3 Big Stock Trends for 2013
02/19/2013 8:30 am EST
These strategies, built on growing domestic trends in the US, are likely to be the best bets for strong profit this year, says Neil George.
So Neil, you have some investment ideas for 2013. Where do we put our money?
I think, Charles, you want to look at some of the major trends that are going to be occurring with involvement of government in the economy, and some of the changes they are focusing on.
My first thing is looking at some of the big changes happening with pension management for public employees. The idea is seeing more participation and moving from defined benefit into defined contribution, and the company that basically is the primary provider of retirement investment services for the federal government is a company called Blackrock (BLK).
Blackrock, of course, is well known elsewhere. They have been liberated by Bank of America (BAC) and Merrill Lynch in the past, and now they are basically on their own. They are one of the largest asset managers.
They are already generating a lot of revenue in their ETF market and everything else, but they really dominate federal government pensions, and they are now getting even more from some of these further changes on the federal and state level.
Another area I think you want to look at, again from a government standpoint, is looking at some of the health-care changes. A lot of people might have a different opinion...
What kind of changes?
Well, you have heard about Obamacare, of course, and so you have mandated health exchanges and mandated insurance. Now, some people are complaining, some people are suing over it, other people are cheering.
Let’s put all that aside and look at the companies that are going to make some money on this. One company in particular has very much of an inside track. It is a company called United Health (UNH).
United Health basically has an inside track on all the federally mandated exchanges, because right before the election, Health Services Secretary Sebelius effectively was shopping some of the technology providers to actually build the exchanges. She came across a smaller private company, and basically she was part and parcel the engineer of the deal that United Health bought this company
So they basically now control the company, and are building the technology and backbone for the exchanges. They will know exactly how the things will work and will have detailed information about the participants. As far as the leaders, they are going to be able to cash in on the whole federally mandated exchanges. United Health is the ultimate play.
Great idea; got another one?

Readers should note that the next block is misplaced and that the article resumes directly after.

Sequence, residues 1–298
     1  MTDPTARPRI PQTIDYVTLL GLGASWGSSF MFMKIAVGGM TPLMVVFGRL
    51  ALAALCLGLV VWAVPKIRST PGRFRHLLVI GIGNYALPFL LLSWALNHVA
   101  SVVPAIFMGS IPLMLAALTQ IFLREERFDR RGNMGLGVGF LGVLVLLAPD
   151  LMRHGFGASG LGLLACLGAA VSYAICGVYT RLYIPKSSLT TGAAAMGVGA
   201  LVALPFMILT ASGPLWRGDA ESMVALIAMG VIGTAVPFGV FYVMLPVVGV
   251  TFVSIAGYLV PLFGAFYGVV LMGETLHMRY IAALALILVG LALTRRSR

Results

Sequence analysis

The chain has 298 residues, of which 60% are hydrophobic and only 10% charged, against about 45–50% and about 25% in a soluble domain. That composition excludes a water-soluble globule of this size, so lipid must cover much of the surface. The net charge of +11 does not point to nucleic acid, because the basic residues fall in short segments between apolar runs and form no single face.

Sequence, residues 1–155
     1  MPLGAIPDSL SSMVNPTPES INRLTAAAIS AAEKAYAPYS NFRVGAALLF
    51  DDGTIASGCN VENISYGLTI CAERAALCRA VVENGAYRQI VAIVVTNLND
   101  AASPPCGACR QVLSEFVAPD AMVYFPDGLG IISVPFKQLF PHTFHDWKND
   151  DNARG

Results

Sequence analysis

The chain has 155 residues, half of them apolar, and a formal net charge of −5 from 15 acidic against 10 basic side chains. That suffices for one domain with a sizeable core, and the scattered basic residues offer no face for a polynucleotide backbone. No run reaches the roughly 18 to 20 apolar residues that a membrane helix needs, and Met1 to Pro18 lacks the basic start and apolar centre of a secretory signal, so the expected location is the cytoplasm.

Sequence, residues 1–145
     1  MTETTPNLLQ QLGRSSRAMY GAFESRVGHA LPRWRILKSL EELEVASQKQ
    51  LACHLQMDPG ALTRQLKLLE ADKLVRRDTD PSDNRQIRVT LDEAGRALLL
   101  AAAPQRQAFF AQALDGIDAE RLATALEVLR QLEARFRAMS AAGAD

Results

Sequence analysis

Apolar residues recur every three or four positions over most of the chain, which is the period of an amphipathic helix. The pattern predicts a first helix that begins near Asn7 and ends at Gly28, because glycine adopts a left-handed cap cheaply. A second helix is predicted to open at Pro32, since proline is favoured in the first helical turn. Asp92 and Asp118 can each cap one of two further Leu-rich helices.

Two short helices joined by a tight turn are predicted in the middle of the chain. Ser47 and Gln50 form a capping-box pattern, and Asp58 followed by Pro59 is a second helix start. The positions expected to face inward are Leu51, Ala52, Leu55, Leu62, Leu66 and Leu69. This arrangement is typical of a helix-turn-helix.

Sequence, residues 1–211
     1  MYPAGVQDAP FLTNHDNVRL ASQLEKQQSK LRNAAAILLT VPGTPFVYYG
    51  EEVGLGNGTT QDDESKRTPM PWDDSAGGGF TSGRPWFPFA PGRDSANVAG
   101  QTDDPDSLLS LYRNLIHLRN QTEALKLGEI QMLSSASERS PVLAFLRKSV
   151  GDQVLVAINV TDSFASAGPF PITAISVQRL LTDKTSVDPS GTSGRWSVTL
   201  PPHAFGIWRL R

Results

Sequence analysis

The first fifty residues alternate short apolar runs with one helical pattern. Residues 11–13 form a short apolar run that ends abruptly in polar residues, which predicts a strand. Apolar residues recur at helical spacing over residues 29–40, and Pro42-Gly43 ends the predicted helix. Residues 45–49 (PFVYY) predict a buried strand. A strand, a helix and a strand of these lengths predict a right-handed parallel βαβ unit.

I think the other one to look at is what is happening on college campuses. We just got finished having another record year of high school graduates that are heading off to college, and at the same time, colleges are really overstressed at the seams when it comes to housing and dorms. Arizona State alone has a deficiency amounting to some 17,000 students that don’t have any place to live and are having to seek out places on their own, and it is a problem affecting a lot of state schools and even private institutions.
At the same time, a lot of these schools don’t have a lot of money and are kind of strapped as far as trying to raise tuition or seek out the funding to build all these things. So what we are seeing now is the private sector is starting to step in and build or transform existing or new dorms to meet this growing demand.
You have got two companies I would like people to focus on. One has done a very good job with us for a long period of time. It is called American Campus Communities (ACC). It is structured as a pass through. The dividend is not that great, but there is some really good growth there that I think you are going to see.
So they are finding properties to develop near colleges and doing a co-op with the universities directly. So they have...they already are sort of preselling their projects.
Yes, marketing is good.
And another one which is newer to this marketplace is called Campus Crest Group (CCG)—and what I suggest there is actually their preferred rather than their common share. It pays a dividend yield, which has some tax advantages, of about 7%.
Again, both of these companies are well placed to take advantage of this growing trend of colleges wanting to offload some of this capital requirement while meeting the needs for this fast inswell of incoming college students.